Microsoft SQL Server's relational engine has offered new instrumentation that improves by light years with each new release. The introduction of Dynamic Management Views (DMVs) in SQL Server 2005 provided a much-needed equivalent to Oracle's long-standing and capable V$ and X$ system views. SQL Server 2008 has provided another dramatic improvement to its instrumentation with Extended Events (also known as XEvents) that promises to offer even greater opportunities to tune, trace and troubleshoot the inner workings of a SQL Server application. All of this stands in stark contrast with the anemic instrumentation offered in SQL Server Analysis Services, Microsoft's wonderful multi-dimensional data repository that is a free feature-set within the SQL Server product.
SQL Server has long offered a two-part toolkit for basic instrumentation of its engines, both relational and analytical: SQL Profiler and Windows Performance Monitor (PerfMon), also known as Windows System Monitor. While each of these tools has its uses, they're also the focus of a long-running love/hate relationship within the community. Yes, they help to diagnose what's happening (or failing to happen) inside SQL Server. But they also are confounded by obtuse interfaces and cryptic information that, without long years of experience, mean almost nothing to the novice troubleshooter or performance tuner. Thankfully, Microsoft heard the weeping and gnashing of teeth among its user community and greatly advanced the basic instrumentation in the last couple of releases of SQL Server.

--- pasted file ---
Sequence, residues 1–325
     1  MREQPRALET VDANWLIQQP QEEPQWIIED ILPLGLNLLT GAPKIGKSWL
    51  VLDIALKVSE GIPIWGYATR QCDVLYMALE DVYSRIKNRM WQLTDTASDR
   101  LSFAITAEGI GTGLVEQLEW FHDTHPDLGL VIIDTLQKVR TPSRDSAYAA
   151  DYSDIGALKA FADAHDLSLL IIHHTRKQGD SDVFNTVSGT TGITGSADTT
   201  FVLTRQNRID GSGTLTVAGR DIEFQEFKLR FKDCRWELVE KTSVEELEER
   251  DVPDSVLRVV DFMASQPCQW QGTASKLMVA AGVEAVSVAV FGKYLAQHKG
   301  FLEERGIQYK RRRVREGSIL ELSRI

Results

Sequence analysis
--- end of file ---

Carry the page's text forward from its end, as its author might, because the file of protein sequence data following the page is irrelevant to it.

While SQL Profiler and PerfMon have seen incremental improvements with each release, the addition of DMVs has offered a leapfrogging technology to peer into the database engine and see what's happening. A simple Google search for "useful DMV query SQL Server" will turn up dozens of excellent DMV queries that retrieve internal information that simply wasn't exposed in any way just one release ago. Add in the extremely granular, event-driven nature of XEvents, making it now possible for you to track overall system utilization down to the individual SQL statement level.
While there is some nascent capability to do troubleshooting of this nature in SQL Server Analysis Services (SSAS), you're largely left in the dark. If you search the SQL Server Books Online for help diagnosing and monitoring the health of SSAS, you'll be pointed to PerfMon, SQL Profiler, and the even more elementary tools of Windows Debugger, Task Manager, and the Windows Event Viewer (at TechNet article http://technet.microsoft.com/en-us/library/cc966423.aspx#EHAA).
There's hope on the horizon if you're an SSAS user. Be sure to bookmark Carl Rabeler's content on the website http://www.sqlcat.com by starting at http://sqlcat.com/members/CarlRabeler.aspx (registration or LiveMeeting account required). From there, you can go to the CodePlex Web site and see the very nice SSAS Samples provided by the SQLCAT team at http://www.codeplex.com/SQLSrvAnalysisSrvcs. There are several tools in the SSAS Samples pack that greatly ease the collection and evaluation SSAS performance metrics. Until Microsoft adds a complete, in-the-box set of diagnostic and troubleshooting tools and instrumentation for SSAS, this is a very badly needed add-on to the current SSAS toolkit and one that every SSAS analyst should utilize.